I was 15 when I lost my virginity. It was terrible. She was a really nice person, but I was so clumsy, really ineffectual. Luckily or unluckily, I don’t have a ton of exes. Before my wife I was in only two relationships, one for five years and another for three and a half years. I’m a serial monogamist.
What were your jobs before acting came into the picture?
I was pretty directionless in high school and my 20s. I did telemarketing. I was a tour guide, and I was terrible at it. I worked for the state of Oregon fighting forest fires—I was terrible at that too. I worked for my uncle on construction, and I was so terrible they’d just have me sweep up and take stuff to the dump, while my younger cousin was already framing houses. I literally couldn’t swing a hammer.
How did you get into acting?
At the University of Oregon I was allowed into a graduate-level Shakespeare class a day after arriving back on campus after I’d dropped out of school for a few years. I was completely out of my depth, but we were all asked to improvise a Shakespearean character. After I did mine and got laughs, I was hooked. The laughs were always what I was after, but I was too scared to pursue comedy full-on. I continued to take whatever work I could get until I fell into the laps of [Modern Family creators] Chris Lloyd and Steve Levitan. That sounds wrong.
When you were in grad school you apparently saved money by living out of your van. That couldn’t have been good for your social life.
Basically, when I was 28 to 29 or so I would stay with my mentors, husband-and-wife professors, and then sleep on their porch for a while, and then I’d live in the van. I may have had one date during that whole period, which was about a year on and off. Basically, when my date figured out I was living in my van, I didn’t hear from her again. The funniest thing was I was confused about why. I was like, “What’s the problem?” I didn’t realize I was the creepy guy in a van. What could possibly be holding up this relationship? The van pretty much eliminated my dating life completely.
In retrospect, maybe you’d have been better off living someplace indoors, even if you had to split the rent.
But honestly, some of my best memories are of that period. It was so uncomplicated. I was busy with grad school, so I had real purpose. If you have that, there isn’t much need for anything else. I had focus and a routine. I would get up, go shower in the gym, read scripts and memorize them in the van. You know the way people talk about prison as a meditative, transforming place? The van was like a little prison cell—only without all the other terrible prison stuff going on.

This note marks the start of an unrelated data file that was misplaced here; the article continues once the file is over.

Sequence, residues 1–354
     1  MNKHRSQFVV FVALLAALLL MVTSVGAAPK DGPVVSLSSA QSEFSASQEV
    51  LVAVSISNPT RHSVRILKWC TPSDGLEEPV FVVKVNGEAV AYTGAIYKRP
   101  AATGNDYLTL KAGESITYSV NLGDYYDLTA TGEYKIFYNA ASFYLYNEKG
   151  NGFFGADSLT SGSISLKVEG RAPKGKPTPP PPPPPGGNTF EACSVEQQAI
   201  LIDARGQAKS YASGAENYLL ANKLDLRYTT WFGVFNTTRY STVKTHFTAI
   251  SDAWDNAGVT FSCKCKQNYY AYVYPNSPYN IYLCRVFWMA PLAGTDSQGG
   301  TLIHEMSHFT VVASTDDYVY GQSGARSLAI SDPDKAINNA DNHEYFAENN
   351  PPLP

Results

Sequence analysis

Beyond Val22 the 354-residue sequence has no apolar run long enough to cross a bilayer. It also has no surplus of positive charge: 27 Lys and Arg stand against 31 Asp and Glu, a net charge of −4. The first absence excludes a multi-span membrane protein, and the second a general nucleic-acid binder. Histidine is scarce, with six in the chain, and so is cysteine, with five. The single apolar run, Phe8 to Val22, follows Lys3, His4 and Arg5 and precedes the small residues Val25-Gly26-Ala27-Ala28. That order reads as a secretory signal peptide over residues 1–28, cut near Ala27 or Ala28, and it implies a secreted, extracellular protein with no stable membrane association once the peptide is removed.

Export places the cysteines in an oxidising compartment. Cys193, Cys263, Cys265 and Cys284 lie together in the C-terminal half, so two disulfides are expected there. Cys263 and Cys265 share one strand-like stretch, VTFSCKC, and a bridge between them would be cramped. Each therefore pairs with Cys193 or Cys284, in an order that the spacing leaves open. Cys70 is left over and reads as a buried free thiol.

You know that old song lyric “Nobody walks in L.A.”? So many people have seen you walking to the studio where you film Modern Family that maybe the song lyric should be amended to “Nobody walks in L.A.—except Ty Burrell.” Have you stopped driving?
You walk much more in New York, and I got used to that. Now I don’t drive on weekends unless we’re going somewhere. I just kind of shut it down on Friday night. We lived closer to the studio before we moved, but even now, on Monday morning all I have to do is get in my really old Volkswagen Beetle and have my super-easy three-mile commute.
You’ve scored biggest in comedy, but after moving to New York you made your Broadway debut with Kelsey Grammer in Macbeth, and in succeeding years you co-starred in New York theater productions of Burn This with Edward Norton and Catherine Keener, and in Richard III. You also got movie roles, often playing dweebs and unsympathetic, obnoxious guys in movies such as National Treasure: Book of Secrets, The Incredible Hulk, Fur: An Imaginary Portrait of Diane Arbus and Dawn of the Dead. Why so serious?
Because I look like Eddie Munster or a vampire, I think people tended to think of me as the bad guy. For a long time I played a lot of assholes. At first I had a hard time getting into the comedy stuff, but in the back of my mind that was what I really wanted to do. There are some really great asshole parts, and I’ve been offered a few, but I did that for so long that it’s fun now to play closer to myself—a well-intentioned idiot.
You’re staying comedic and family-friendly in your new movies, including Muppets Most Wanted and two animated films for which you provide vocal talent, the Finding Nemo sequel Finding Dory and Mr. Peabody & Sherman.
I also filmed The Skeleton Twins, which definitely isn’t family-friendly. It’s very dark and has great writing. Bill Hader and Kristen Wiig play fraternal twins who try to commit suicide on the same day. I play a young teacher at Bill’s high school who had a relationship with Bill that caused a big scandal. It’s complicated because my character has been in love with him the whole time since. I have a lot of hope for that film.
Since the makers of the Pixar films tend to have an uncanny knack for matching an actor’s essence with his animated avatar, what traits do you share with the beluga whale you play in Finding Dory?
A beluga is super social. I am super social. They have oversize, flabby heads. So do I. If you catch me in the middle of winter when there is a lack of sun, I, like the beluga, take on a sort of translucence. Other than that, Muppets Most Wanted is as funny as the last Muppet movie, and it was so much fun to play a character that broad—a French Interpol inspector who is like Inspector Clouseau overlaid with Hercule Poirot overlaid with Monsieur Hulot. If you remember Mr. Peabody and Sherman from the classic TV cartoons on Rocky and His Friends, the movie is really stylish, smart, witty and silly.
How do you feel about this season’s story line on Modern Family, ramping up to the wedding of the gay characters played by Eric Stonestreet and Jesse Tyler Ferguson?
I honestly think we’ve done some of our best episodes because of the wedding. All of us got fired up and felt a sense of purpose and excitement. I hear stories about people who are conservative coming up to the guys and saying, “I think differently now because of you.” And it’s so cool that it’s done without waving a huge banner or planting a flag at the top of a hill.
If life were like a high school yearbook, with mottoes under our portraits, how would yours read?
“Most likely to stumble into great situations.”